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The BBC, live from Marblehead

Few of Rhod Sharp’s legion of late-night BBC radio fans know that he’s coming to them live — from Marblehead.

Essdras M Suarez/Globe Staff

Few of Rhod Sharp’s legion of late-night BBC radio fans know that he’s coming to them live — from Marblehead.

MARBLEHEAD – “I’m Rhod Sharp, and we’re ‘Up All Night.’ ”

As twilight fell outside his third-floor study, Rhod Sharp opened his weeknight BBC radio show with that brief sign-on — live from the North Shore.

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By midnight, four hours later, Sharp had chatted with BBC correspondents around the globe, reaching nearly 1 million listeners in the United Kingdom on BBC Radio 5 live, one of the BBC’s domestic stations, with an engaging mix of hard news and feature stories. Few, if any, knew of his actual broadcast location. Or that for the past eight years, Sharp, 59, has been anchoring his late-night show for the British Broadcasting Corp. from across the pond, in Massachusetts.

“I don’t keep it secret. I do mention the town now and then, though not by name,” Sharp said the following day on his backyard patio. Not being a “personality-driven broadcaster,” he added, “I don’t make a cult of who I am. So why should I make a cult of where I am?”

Essdras M Suarez/ Globe Staff

Rhod Sharp reaches nearly1million listeners in the United Kingdom with his BBC program, “Up All Night,’’ which covers news and cultural affairs.

Only a couple of hundred Americans listen to his show online (at www.bbc.co.uk/programmes ), which airs in the UK from 1 a.m. to 5 a.m. Sharp hosts the broadcast Mondays, Tuesdays, and Wednesdays. Even accounting for neighbors who hear him — unfiltered — through their open windows, his US audience remains tiny. Rush Limbaugh he’s not.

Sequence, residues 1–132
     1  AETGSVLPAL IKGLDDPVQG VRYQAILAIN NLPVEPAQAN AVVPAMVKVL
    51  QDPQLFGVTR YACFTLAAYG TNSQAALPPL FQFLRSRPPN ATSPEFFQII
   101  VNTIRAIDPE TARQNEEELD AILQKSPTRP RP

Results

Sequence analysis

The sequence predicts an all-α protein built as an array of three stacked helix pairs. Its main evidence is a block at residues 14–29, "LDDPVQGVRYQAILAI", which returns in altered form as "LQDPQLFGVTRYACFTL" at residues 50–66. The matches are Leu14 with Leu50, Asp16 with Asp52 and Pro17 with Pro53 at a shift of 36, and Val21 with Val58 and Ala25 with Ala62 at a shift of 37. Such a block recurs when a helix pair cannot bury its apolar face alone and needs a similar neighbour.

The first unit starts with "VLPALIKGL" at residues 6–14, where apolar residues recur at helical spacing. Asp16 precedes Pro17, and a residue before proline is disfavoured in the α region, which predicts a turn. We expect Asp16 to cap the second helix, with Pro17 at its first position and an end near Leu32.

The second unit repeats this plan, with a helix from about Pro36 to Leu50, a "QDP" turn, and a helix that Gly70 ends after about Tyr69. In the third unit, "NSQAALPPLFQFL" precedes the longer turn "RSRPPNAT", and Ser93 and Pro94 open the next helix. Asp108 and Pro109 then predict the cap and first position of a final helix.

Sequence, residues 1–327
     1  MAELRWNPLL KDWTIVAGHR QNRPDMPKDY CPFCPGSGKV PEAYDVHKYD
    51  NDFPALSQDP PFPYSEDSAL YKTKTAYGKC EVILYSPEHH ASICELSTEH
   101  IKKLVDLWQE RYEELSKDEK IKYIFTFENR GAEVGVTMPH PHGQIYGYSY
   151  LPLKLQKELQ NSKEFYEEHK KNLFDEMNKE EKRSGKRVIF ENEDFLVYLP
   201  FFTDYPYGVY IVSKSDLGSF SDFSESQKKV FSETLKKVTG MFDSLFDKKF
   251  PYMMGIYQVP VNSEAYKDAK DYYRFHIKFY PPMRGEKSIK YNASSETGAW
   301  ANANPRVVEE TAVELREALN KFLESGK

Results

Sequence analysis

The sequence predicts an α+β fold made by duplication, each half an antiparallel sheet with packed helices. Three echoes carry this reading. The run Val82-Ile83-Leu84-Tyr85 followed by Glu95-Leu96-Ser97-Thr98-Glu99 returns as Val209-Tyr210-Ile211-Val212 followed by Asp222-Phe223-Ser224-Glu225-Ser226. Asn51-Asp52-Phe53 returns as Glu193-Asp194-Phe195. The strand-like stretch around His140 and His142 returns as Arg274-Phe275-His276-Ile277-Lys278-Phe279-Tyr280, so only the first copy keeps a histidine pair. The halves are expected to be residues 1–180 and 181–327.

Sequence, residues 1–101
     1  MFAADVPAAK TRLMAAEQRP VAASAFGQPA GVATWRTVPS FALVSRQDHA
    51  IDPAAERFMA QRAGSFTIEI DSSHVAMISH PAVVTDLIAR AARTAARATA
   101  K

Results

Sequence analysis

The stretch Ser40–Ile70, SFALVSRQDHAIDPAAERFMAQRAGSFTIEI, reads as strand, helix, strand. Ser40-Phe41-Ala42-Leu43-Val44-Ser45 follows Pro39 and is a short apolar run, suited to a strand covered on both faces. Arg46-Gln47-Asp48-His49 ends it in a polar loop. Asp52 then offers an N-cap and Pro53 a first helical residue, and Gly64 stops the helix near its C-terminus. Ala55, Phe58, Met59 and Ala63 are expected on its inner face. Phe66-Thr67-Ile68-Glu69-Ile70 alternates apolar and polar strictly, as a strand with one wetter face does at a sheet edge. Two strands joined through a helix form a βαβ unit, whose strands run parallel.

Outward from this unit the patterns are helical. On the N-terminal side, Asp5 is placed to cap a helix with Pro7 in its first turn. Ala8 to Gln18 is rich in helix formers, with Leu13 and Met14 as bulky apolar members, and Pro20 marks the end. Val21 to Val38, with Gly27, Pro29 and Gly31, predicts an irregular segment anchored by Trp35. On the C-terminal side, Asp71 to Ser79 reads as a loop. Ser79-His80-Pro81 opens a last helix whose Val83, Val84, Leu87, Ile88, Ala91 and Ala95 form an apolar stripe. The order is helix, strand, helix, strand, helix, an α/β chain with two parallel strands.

And yet, Sharp commands a large and loyal following overseas — and the respect of American pundits and media figures who appear on his show. Broadcasting from the United States makes Sharp “pretty unique” among BBC radio hosts, according to BBC deputy news director Stephen Mitchell.

With the program already an established hit in the UK, “it was a natural move to see if we could make it work with him in the US,” Mitchell said via e-mail. “We like to feel he gives our listeners a more intimate insight into your country each night.”

This summer, Sharp has plenty to talk about, too: a London Olympics the whole world has been watching; banking scandals here and abroad; and a hotly contested US presidential election being closely followed in Great Britain.

On one broadcast this week, Sharp led with an update on the fighting in Syria between government troops and rebel forces; an appreciation of the late Gore Vidal as public intellectual and protean man of letters; and a feature story on oil theft and violence in the Niger Delta.

A handful of interviews were prerecorded in the hour or two before Sharp went on air. The rest were conducted live.

“We haven’t done much on the Olympics, given its wall-to-wall coverage elsewhere, and may not,” said Sharp, whose Sean Connery-esque accent reflects his working-class upbringing in Perth, Scotland. (One possible exception: Marblehead runner Shalane Flanagan, who’ll compete in the Olympic women’s marathon.)

While some listeners find him “too pro-American,” Sharp observed, he strives to balance what interests him personally with what his listeners, and producers, are attuned to. Stories largely focused on America comprise about 30 percent of the broadcast. Still, one listener recently tweeted, “Rhod and Obama: Get a room!”

Does that make Sharp a Yankee propagandist? Part of some left-leaning media cabal?

“I don’t buy that at all,” he replies, blue eyes sparkling beneath a mane of reddish-brown hair. “I particularly object that radio, the medium I truly love, has been hijacked by people with an agenda.”